Since this is my sketchblog, I figure I should show you guys some actual artwork, right? Ok. So this is something I plan on showing from time to time, the process that goes into creating some of the artwork I do. This particular piece is card artwork done for Chaotic, the property seen in my very first post. The character is Chaor, who is basically the baddest sumbitch in all of Chaotic. Don't mess with Chaor. So I start off every card by submitting a few different sketches and letting the client pick which one they wanna roll with.
As you can see I try to stay very rough and loose with my sketches. One, because I'm really just trying to workout the composition and the design of the card. And two, I want the client to try and really feel the emotion and energy of what the final card will look like. If I went too clean and tight the lineart would start to stiffen up and would get even stiffer when I went to final cleanup.
After I did the quick pencil sketches I would go in and laydown some very quick greytones so that the sketches would be more legible to the client. It also helps me understand what kind of mood I would like to go for with the piece and it also helps the colorist as well so that we're both on the same page.
The client wound up preferring the second image because they felt that the first one was too busy and they wanted more of the focus to be on the character himself.
Next up is the clean lineart itself. I always have the most fun in this stage. Once the layout and composition is finalized, putting in all the details and crap is the easy part. You'll notice that I changed the character's body type significantly. I just didn't feel like he felt powerful enough with those tiny little legs of his, so I beefed him up and really tried to add some weight and mass to him. I specifically wanted his arms and his legs to look very "heavy," so if this dude hit you. . .well, you'd really feel it. It's stuff like that that really makes the character seem believable, even if it's completely made up. The background also changed some. The client wanted to highlite that this dude wasn't all brawn and had some magic capabilities so we decided to have him controlling the earth and raising lava geysers outta the ground. I didn't put any detail into the geysers themselves because I knew that they would be better represented by the color. One step I neglected to put in was the blue line stage of the lineart. When I do the clean line art, I start off with a blue pencil to rough in the lineart and get all the anatomy and and other stuff laid down. It's very messy. Once that is done I then go over the blue line with either an F or an HB pencil with a clean line. What this done is similar to inking, where I go for as clean and dark a line as possible. I use these specific pencils because the lead is still somewhat hard, but it's also a nice, crisp, dark line. After that is completed I then scan the lineart in and subtract the blue line via Photoshop and all that is left is the dark line. Voila.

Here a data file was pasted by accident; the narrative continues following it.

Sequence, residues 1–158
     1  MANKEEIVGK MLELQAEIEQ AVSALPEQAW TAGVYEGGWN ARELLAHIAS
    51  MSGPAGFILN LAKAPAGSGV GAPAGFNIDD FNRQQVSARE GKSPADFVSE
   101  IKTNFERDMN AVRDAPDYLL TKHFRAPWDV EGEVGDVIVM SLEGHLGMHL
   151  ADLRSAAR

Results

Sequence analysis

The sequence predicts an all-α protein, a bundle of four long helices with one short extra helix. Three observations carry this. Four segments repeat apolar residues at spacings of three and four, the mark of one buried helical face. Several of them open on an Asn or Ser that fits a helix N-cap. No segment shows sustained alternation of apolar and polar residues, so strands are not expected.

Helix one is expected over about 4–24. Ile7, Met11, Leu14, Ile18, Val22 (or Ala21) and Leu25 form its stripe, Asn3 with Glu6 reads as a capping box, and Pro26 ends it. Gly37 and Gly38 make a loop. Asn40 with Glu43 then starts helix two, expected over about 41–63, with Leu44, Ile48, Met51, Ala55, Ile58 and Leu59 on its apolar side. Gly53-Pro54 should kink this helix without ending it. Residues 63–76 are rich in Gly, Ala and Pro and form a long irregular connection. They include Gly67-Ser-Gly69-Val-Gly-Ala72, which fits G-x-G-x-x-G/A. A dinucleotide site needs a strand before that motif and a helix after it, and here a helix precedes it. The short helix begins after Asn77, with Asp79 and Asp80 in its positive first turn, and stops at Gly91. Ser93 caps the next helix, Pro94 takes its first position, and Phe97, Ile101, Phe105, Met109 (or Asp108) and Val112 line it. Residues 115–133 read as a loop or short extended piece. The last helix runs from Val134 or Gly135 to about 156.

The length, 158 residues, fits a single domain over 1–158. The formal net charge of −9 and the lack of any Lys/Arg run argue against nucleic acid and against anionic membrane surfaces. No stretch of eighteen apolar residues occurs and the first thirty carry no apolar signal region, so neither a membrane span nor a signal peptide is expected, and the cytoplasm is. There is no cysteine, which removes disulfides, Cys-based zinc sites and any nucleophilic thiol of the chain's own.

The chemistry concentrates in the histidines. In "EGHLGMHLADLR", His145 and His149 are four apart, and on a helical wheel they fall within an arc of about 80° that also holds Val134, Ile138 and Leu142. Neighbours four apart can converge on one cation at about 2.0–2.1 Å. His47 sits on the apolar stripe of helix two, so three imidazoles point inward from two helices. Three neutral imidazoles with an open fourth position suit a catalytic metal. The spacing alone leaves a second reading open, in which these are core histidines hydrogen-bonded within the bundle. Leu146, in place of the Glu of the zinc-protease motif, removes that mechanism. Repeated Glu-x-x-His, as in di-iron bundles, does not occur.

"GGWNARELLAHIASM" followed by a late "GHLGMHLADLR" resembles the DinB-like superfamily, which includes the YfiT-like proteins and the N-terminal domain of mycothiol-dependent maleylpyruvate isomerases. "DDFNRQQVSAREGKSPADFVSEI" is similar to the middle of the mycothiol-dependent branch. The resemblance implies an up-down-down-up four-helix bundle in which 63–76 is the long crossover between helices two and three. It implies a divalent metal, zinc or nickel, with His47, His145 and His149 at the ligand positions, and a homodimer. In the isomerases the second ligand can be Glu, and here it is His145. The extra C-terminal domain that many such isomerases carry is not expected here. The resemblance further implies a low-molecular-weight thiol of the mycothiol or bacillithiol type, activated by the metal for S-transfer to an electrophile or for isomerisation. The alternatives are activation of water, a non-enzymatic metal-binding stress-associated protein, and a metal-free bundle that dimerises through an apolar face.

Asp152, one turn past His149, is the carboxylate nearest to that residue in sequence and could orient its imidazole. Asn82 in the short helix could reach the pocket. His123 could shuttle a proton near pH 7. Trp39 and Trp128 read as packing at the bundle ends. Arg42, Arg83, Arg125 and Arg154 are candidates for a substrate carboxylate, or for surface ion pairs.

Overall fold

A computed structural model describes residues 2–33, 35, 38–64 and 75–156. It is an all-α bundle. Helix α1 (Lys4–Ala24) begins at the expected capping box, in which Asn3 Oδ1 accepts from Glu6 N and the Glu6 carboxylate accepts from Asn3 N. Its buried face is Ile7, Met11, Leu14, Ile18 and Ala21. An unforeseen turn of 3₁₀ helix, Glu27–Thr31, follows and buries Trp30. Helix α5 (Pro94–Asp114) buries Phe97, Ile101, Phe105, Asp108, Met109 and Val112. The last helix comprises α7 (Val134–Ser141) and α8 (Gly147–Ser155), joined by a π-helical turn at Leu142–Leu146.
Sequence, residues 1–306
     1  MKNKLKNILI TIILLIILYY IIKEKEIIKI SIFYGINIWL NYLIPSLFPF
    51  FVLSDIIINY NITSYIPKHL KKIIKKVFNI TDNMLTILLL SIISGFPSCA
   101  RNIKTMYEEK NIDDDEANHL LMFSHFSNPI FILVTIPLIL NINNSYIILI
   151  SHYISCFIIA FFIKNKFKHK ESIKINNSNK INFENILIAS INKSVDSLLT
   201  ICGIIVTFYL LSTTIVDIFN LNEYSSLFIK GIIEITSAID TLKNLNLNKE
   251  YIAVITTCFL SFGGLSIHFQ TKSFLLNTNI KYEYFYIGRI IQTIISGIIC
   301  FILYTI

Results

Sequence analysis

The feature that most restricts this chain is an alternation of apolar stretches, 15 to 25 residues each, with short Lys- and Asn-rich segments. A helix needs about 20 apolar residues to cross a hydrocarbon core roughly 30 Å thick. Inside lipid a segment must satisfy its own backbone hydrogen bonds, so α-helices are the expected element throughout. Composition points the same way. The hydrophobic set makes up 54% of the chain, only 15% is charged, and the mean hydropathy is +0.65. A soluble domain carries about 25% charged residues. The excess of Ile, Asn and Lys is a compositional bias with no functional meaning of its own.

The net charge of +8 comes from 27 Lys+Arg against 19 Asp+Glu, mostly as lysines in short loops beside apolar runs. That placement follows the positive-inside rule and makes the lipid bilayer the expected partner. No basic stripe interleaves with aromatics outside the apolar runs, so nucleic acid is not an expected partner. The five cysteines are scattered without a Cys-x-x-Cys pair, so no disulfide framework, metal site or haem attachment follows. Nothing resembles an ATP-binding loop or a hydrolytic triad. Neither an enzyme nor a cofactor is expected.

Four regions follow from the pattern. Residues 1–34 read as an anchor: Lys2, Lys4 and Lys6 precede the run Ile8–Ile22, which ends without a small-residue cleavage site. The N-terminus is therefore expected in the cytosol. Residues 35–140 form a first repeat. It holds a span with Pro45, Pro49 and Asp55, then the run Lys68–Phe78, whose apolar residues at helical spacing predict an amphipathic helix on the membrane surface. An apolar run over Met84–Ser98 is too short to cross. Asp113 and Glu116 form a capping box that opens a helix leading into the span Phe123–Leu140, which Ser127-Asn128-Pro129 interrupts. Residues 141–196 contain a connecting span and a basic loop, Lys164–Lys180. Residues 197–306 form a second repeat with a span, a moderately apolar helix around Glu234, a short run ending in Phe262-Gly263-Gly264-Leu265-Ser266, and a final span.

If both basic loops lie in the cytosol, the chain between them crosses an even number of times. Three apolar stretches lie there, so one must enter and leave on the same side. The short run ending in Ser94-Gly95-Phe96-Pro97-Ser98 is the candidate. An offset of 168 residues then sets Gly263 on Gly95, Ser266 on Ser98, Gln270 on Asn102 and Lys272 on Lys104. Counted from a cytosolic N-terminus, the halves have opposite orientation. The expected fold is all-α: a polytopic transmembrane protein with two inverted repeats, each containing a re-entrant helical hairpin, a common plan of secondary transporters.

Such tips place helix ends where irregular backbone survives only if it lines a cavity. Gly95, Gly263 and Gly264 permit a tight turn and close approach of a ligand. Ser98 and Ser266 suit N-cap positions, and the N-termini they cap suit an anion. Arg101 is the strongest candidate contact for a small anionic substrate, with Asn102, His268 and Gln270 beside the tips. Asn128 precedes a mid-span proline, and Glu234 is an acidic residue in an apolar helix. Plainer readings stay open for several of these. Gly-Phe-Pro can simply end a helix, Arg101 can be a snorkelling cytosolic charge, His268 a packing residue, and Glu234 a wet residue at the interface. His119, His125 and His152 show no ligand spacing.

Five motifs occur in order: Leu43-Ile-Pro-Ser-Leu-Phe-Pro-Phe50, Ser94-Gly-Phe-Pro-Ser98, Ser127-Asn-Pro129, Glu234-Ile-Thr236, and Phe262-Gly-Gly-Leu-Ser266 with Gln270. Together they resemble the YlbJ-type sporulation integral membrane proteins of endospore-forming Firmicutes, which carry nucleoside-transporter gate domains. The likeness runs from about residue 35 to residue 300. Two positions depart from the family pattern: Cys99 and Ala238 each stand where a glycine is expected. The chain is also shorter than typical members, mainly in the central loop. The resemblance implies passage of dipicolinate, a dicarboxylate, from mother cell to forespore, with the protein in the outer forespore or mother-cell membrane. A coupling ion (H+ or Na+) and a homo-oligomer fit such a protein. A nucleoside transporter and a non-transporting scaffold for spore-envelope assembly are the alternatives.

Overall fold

And now, the coolest part of all: the color. I got one of my most favorite of colorists, Tony Washington, to lay down the hues, and once again he really added another dimension to this piece and really brought it to life. Before T begins, he and I discuss what story needs to be told with the color and how we need to accomplish it. There are always somethings I want to tell, some he wants to tell, and some things the client wants, so it's always a bit of compromise on everyone's end. I wanted the underlighting that I previously laid down in the sketch, and T nailed it. He also added some incredible atmosphere with the earth texturing and the lava and really added a nice depth to it by making the air behind Chaor very thick. It really gives you the feeling that this guy is 100% evil. I was really happy with the way the color came out.
And finally, corrections. There is almost always something that is asked for by the client to be changed. No matter how hard you try, it's a fact of life. The best you can hope for is that the corrections are minimal. Thankfully in this case they were. 4kids felt that his head, while dramatic, did not read clearly enough, especially since these images would be shrunk down to fit on a trading card. With stuff like this the operative word is "clarity," so if it doesnt read well at full size, it definitely will not read well on a card. So I redid his head. The only other real correction was that 4kids felt Chaor was a little too dark, so T went in and brightened him up a tad. Once that was done, it was a wrap. And there you have it.